Daniel Little at UnderstandingSociety has a nice introductory summary of the work of sociologist Erving Goffman, whose Stigma is on my "to read" list.


Die Zeit profiles saxophonist Sonny Rollins, who turned 80 today. (Auf Deutsch)

Stuart Isacoff in The Wall Street Journal profiles Indian-American jazz pianist Vijay Iyer, whose work I plan to get to know better (I picked up two of his CDs at the library today). Iyer also has a Ph.D., with a dissertation on "the role of the body in music perception and cognition."

codex flores links to the site for the conference Mozart & Science 2010: Music in Medicine and Therapy, the 3rd International Congress for Interdisciplinary Research on the Effects of Music, taking place at the Landesakademi of Lower Austria, in Krems, 4–6 November 2010.

taz.de interviews Dave Haynes, of SoundCloud, a website designed to make it easier for musicians to move and store large sound files. (Auf Deutsch)

Greg Sandow is back from vacation. His first post-vacation post at his Arts Journal blog praises Lang Lang's Beethoven (op. 2/3 and the Appassionata) on the first CD of a 2 CD set, Lang Lang Live in Vienna, to be released next month.  I'm very skeptical.  Sandow includes a couple of sound clips that he says make him think Lang Lang has channeled Beethoven improvising.

Wortschatz für Dienstag

auf den Leim gehen
Kaderschmiede (zB, Harvard)

Hat Schikaneder Mozart schikaniert?
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07 September 2010

Listening in Roslindale

When I posted the first "Listening in Roslindale" on 22 July, I had the intention of continuing with similar posts every week or so.  That didn't happen (but I'm still hoping).

Here, then, is a non-exhaustive list of some of what I've been listening to since then:

•Charlie Haden and Hank Jones, Steal Away. A lovely album.

•Sam Cooke’s SAR Records Story (completed)

•Don Giovanni, Glyndebourne, 23 July 2010 (streamed live via medici.tv; I intended to review this here, and had quite a lot to say about it...would it still be worth it?)

•Frank Zappa, Hot Rats. A nostalgia trip for me. One of my favorite albums in high school.

•Arvo Pärt, De Profundis, Theatre of Voices, Paul Hillier. I wish I found this more interesting.

•The Rough Guide to Fado.  An excellent sampler.

•Mieczysław Horszowski, Live at Wigmore Hall, 4 June 1991, just a few months before the final performance of his career, in Philadelphia, October 1991.  Very touching.

•Charlie Christian, At Minton’s Playhouse (1941). The earliest recordings of Thelonious Monk, who was house pianist at Minton’s at the time.

•Monk Alone: The Complete Columbia Solo Studio Recordings: 1962–1968. If you’re still under the ridiculous misapprehension that Monk “couldn’t play the piano,” this would be an excellent corrective.  If you still think so after listening to it, then you should have your ears checked.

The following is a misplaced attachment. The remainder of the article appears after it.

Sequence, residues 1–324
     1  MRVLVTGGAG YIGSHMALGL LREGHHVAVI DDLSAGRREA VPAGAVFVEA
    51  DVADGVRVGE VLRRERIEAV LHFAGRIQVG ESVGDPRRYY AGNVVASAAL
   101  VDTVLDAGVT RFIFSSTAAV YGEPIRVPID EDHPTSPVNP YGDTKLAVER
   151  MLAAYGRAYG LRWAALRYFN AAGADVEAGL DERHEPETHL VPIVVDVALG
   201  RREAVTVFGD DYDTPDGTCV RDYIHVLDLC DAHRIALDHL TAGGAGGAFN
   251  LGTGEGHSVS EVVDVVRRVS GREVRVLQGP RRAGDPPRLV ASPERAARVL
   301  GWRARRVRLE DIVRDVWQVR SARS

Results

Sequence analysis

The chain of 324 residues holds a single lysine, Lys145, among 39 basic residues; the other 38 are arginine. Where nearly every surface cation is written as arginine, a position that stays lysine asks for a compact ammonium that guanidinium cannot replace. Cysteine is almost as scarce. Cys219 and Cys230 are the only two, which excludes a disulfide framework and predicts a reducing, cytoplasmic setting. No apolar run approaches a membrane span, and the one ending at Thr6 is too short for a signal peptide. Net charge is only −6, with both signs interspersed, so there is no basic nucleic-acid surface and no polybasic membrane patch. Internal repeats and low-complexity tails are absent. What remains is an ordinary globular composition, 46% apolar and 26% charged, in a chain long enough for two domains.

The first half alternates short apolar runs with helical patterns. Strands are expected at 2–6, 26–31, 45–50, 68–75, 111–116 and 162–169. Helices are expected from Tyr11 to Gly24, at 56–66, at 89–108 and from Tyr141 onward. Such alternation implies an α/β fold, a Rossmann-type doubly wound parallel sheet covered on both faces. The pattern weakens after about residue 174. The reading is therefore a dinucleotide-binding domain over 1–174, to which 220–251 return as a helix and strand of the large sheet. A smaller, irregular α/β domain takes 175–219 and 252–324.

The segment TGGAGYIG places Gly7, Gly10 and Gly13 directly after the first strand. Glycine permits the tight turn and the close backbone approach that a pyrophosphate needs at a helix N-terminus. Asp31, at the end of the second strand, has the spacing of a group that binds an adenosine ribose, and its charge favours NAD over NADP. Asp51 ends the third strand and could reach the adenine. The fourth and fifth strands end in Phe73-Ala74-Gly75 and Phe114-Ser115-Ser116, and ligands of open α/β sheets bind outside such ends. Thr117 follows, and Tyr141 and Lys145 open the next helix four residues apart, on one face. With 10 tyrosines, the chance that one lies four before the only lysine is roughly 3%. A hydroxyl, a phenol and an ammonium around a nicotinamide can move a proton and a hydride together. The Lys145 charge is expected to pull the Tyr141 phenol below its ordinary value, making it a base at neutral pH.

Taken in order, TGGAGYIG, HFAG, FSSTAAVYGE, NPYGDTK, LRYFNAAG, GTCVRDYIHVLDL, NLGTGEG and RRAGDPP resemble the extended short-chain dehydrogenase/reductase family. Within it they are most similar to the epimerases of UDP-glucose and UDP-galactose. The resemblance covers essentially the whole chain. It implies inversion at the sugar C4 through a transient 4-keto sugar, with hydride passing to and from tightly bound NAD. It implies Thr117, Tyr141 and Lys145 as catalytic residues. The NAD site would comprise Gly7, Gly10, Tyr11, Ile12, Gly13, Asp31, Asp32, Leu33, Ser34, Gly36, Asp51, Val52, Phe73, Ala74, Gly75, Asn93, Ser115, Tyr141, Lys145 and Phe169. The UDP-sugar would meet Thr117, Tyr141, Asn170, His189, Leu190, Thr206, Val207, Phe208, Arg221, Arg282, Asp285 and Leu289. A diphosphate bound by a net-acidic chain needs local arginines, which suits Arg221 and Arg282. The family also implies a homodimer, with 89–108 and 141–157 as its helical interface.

•Mel Tormé, The Best of the Concord Years, with lots of George Shearing, who was a superb vocal accompanist.

•The Heart and Soul of Joe Williams and George Shearing,  Perhaps not Williams’s best singing, and a rather silly idea for an album (all the titles include either “heart” or “soul”). But Shearing is wonderful.

•Piano Blues: The Essential (2 CDs, Classic Blues, CBL 200004).  Lots and lots of old piano blues, with no documentation of dates or places.

•Blind Boy Fuller, Complete Recorded Works in Chronological Order, vol. 1, 23 Sep 1935 to 29 Apr 1936.  Keep on truckin'...

•The Art Tatum Solo Masterpieces, vol. 6

•Negro Work Songs and Calls (The Library of Congress Archive of Folk Culture). Anyone who thinks that music evolved principally through sexual selection needs to listen to this.

In the queue:  lots of Schubert lieder (I'm accompanying a short program of Schubert Lieder on 18 September)
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Weekend Roundup, 3 to 6 September 2010

Labor Day Weekend: the end of tenure?; let's eliminate the middleman in scholarly publishing; scholarly conferences and scholarly cred; Dobbs in Slate on the Hauser affair; Hauser "erased" from Edge website; university patenting hinders research and loses money; a profile of Francis Collins, head of NIH; two new papers on Y-STRs; the deep evolution of the brain; David Sloan Wilson on evolutionary accounting; the Price Equation made simple; Evolving Culture on NPR; 64,000-year-old arrow heads; "Animal cognition" at SAE; Scruton on Neurotrash; an interview with Ethan Watters; critiquing a study of multitasking; lumpers and splitters in language; Bolles on the evolution of language; Wilkins on similarity; celebrating John Cage's 98th with a 4'33'' playlist; congenital amusia among speakers of tone languages; a profile of composer Nico Muhly; ICMPC days 4 and 5 (and a 5-year-old Polish drumming prodigy); a fraud ring in the art world; an English-language summary of the Sarrazin hubbub; a seriously ranting toddler; Houellebecq accused of plagiarizing...from Wikipedia.